Take the 2-minute tour ×
Stack Overflow is a question and answer site for professional and enthusiast programmers. It's 100% free, no registration required.

I'm trying to use a function that has the following signature to sign a HTTP request:

extern void hmac_sha1(const unsigned char *inText, int inTextLength, unsigned char* inKey, const unsigned int inKeyLength, unsigned char *outDigest);

And this is the method I wrote to use it:

- (NSString *)sign: (NSString *)stringToSign {
NSString *secretKey = @"xxxxxxxxxxxxxxxxxxxxxxxxxxxxxxxxxxxxx";
const unsigned char *inText = (unsigned char *)[stringToSign UTF8String];
int inTextLength = [stringToSign length];
unsigned char *inKey = (unsigned char *)[secretKey UTF8String];
const unsigned int inKeyLength = (unsigned int)[secretKey length];
unsigned char *outDigest;

hmac_sha1(inText, inTextLength, inKey, inKeyLength, outDigest);
NSString *output = [NSString stringWithUTF8String:(const char *)outDigest];

return output;


The problem is I'm sure this is not the way I'm supposed to do this casting, as inside this hmac_sha1 function I get a EXC_BAD_ACCESS exception.

Since I am new to Objective-C and have close to no experience in C (surprise!) I don't really know what to search for. Any tips on how I can start solving this?

Thanks in advance!

Btw, I got the reference for this function here in stackoverflow.

share|improve this question

3 Answers 3

up vote 3 down vote accepted

It looks like the problem is not with the casting, but with outDigest. The fifth argument to hmac_sha1 should point to an already allocated buffer of size 20 bytes (I think).

If you change the line that says

unsigned char *outDigest;

to say

void *outDigest = malloc(HMACSHA1_DIGEST_SIZE);

That should get you past the crash inside hmac_sha1.

Then you've got the problem of converting the data at outDigest into an NSString. It looks like hmac_sha1 will put 20 bytes of random-looking data at outDigest, and not a null terminated UTF-8 string, so stringWithUTF8String: won't work. You might want to use something like this instead if you have to return an NSString:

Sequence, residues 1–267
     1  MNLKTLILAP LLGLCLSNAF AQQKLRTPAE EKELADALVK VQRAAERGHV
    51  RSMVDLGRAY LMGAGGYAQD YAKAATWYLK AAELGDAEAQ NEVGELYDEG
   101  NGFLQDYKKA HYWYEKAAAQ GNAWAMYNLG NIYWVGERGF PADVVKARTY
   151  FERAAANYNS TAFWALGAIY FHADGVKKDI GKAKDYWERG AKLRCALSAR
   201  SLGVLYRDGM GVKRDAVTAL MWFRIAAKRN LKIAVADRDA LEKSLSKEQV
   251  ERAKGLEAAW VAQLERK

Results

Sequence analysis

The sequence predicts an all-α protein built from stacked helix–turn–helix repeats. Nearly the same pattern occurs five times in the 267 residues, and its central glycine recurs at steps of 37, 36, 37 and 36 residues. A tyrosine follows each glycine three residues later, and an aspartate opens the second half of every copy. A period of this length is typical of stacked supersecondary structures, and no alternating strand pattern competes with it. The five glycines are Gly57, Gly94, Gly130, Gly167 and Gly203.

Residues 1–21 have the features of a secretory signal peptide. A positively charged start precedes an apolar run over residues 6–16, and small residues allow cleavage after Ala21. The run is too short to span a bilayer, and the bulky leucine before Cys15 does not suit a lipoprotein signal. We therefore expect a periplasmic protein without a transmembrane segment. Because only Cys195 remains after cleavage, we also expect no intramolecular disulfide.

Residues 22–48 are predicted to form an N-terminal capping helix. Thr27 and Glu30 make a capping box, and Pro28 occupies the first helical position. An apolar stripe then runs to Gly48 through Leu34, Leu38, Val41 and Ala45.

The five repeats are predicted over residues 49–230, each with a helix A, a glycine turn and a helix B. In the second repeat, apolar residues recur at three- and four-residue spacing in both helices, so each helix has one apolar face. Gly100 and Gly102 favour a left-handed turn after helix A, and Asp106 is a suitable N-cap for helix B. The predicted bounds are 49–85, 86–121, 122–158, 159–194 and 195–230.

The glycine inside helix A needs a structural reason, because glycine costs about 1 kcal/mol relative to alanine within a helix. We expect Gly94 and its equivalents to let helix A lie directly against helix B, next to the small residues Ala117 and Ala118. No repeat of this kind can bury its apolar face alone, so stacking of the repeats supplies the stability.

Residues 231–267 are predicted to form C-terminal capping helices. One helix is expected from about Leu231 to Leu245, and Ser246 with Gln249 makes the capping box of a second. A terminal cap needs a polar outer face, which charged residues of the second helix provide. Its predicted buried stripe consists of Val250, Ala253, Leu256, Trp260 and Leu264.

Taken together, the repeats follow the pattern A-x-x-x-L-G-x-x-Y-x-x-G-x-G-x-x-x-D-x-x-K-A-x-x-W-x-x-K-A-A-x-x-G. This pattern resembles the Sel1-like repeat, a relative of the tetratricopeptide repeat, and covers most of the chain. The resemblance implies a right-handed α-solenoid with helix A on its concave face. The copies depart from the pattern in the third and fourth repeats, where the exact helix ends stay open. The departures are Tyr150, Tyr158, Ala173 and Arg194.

NSString *output = [[NSString alloc] initWithBytesNoCopy:outDigest

I don't think NSString is really the right type for the digest, so it might be worth changing your method to return an NSData if you can.

share|improve this answer
That solved it. I'm still going to Base64 encode it, so I can use as a HTTP GET parameter, so I have to keep it in a NSString. Thank you! –  leolobato Feb 19 '09 at 14:14

This wasn't part of your question but it's a bug nonetheless, you shouldn't use -length to get the byte count of an UTF8 string. That method returns the number of Unicode characters in the string, not the number of bytes. What you want is -lengthOfBytesUsingEncoding:.

NSUInteger byteCount = [stringToSign lengthOfBytesUsingEncoding:NSUTF8StringEncoding];

Also be aware that the result does not account for a terminating NULL character.

share|improve this answer
Not sure why this got voted down but it's a legitimate issue with the code above. Especially if stringToSign contains any multi-byte UTF8 characters. In that situation the value returned by length will not match the number of bytes returned by UTF8String. –  Ashley Clark Mar 21 '09 at 20:23

Are you sure you don't need to allocate some memory for outDigest before calling hmac_sha1? Since you pass in a pointer, rather than a pointer to a pointer, there's no way that the memory can be allocated inside the routine.

share|improve this answer
I believe you're right. Looking through the code in koders.com/c/fid716FD533B2D3ED4F230292A6F9617821C8FDD3D4.aspx it appears that it expects outDigest to be 20 bytes long. –  Paul Tomblin Feb 19 '09 at 13:41
How do I do this? I tried unsigned char *outDigest = (unsigned char *)malloc(64*sizeof(char)); and unsigned char outDigest[20]; but I couldn't get to cast the result to an actual NSString. (but at least the exception is gone!) –  leolobato Feb 19 '09 at 14:06
Without knowing exactly what hmac_sha1 returns it's difficult to be sure, but Will Harris might be on to something. –  Stephen Darlington Feb 19 '09 at 14:14
Yep. That was it. Now I'm on to base64 encode it. :) Thank you! –  leolobato Feb 19 '09 at 14:17

Your Answer


By posting your answer, you agree to the privacy policy and terms of service.

Not the answer you're looking for? Browse other questions tagged or ask your own question.